My first recommendation for those of you interested in stargazing software is to check out Stellarium. Stellarium is a very limited software program give you a good idea of what a planetarium software program will offer. It provides a map of the sky, and can simulate the appearance of the night sky as it will appear in your location at a given time, but that’s about it. While it is a very basic planetarium software package, it is free and therefore a recommended place to start for those looking into stargazing software.
While Stellarium is a good jumping off point as a stargazing software package, like I said before, it is very limited. There are a few good software packages that I recommend looking into that offer many more important features.
Starry Night is the standard and most popular astronomy package around. They have many different variations of their software allowing you to select a package that offers the amount of features you desire while not spending extra money on features you won’t use. Starry night has an extensive library of observable stars and deep sky objects, of which most can be viewed as high quality images. My astronomy professors would actually often use Starry Night as a tool in class to help teach certain principles.
Each version increasing in the amount of features it offers as well as price. Personally I recommend Enthusiast as it will have most of the features that you’re probably looking for with out the added price. If you find yourself moving away from the world of casual stargazer into the world of amateur astronomy, Pro and Pro Plus will have many features you will find useful, including tools that help you make notes and record observed data. Additionally Starry Night is available for immediate digital download, and allows you to upgrade from one version to other by simply paying the difference should you decide you require the more advanced features.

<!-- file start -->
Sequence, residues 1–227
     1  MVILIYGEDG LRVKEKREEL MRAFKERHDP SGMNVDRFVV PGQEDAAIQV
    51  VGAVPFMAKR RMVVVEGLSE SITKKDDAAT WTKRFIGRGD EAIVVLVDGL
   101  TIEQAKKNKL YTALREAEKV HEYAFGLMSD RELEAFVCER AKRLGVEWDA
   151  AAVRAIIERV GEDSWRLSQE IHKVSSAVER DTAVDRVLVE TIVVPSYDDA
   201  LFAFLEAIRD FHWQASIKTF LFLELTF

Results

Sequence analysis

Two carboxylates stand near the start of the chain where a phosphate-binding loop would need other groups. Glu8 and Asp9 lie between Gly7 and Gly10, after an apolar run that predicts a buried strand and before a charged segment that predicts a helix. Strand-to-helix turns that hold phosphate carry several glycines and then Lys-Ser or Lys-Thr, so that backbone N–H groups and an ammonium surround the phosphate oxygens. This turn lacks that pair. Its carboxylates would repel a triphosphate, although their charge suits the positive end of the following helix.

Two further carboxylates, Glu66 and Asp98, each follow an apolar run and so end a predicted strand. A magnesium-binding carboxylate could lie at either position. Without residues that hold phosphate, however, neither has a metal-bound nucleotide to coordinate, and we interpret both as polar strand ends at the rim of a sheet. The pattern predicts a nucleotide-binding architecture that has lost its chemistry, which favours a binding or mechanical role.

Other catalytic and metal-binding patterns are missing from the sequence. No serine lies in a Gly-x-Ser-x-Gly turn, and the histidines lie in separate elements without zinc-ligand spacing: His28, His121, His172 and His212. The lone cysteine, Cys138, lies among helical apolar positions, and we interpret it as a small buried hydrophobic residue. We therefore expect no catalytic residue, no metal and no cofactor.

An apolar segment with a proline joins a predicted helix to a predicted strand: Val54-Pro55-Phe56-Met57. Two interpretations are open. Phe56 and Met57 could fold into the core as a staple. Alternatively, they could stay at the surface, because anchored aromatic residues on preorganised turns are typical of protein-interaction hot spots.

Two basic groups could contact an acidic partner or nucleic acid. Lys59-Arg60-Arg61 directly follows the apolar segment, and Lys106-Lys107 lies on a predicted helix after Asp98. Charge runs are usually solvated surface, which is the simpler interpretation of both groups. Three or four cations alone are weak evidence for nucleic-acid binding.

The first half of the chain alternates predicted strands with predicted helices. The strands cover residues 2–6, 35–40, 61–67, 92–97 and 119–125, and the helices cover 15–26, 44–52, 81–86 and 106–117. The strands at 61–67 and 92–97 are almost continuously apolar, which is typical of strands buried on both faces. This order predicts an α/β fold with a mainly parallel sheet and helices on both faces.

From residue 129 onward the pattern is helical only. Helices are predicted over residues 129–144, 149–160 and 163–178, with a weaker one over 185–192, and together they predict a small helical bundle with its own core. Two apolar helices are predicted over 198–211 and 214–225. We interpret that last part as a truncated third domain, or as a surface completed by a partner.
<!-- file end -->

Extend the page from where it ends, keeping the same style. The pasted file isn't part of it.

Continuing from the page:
TheSkyX, made by Software Bisque Inc., is the other planetarium software program worth mentioning. As far as the planetarium functions go, it is very comparable to Starry Night. They both offer most of the same simulation features, realistic renditions of the sky, and equally extensive libraries of astronomical information. For most people it really is only a simple matter of preference which stargazing software program they like best.
Like Starry Night they offer three different versions of their software differing in price and comprehensiveness .
The one thing that TheSkyX does much better is offer computerized control of your telescope. Especially when the TPoint add on is used, TheSkyX can’t be beat in accurate telescope aligning and control. The professional version of this software is very often used in professional observatories Additionally, overall it tends to be more compatible with various Go-To telescope mounts than Starry Night. TheSkyX is a little pricier than Starry Night, but if you are looking for computerized control of your telescope, it may be worth the extra money.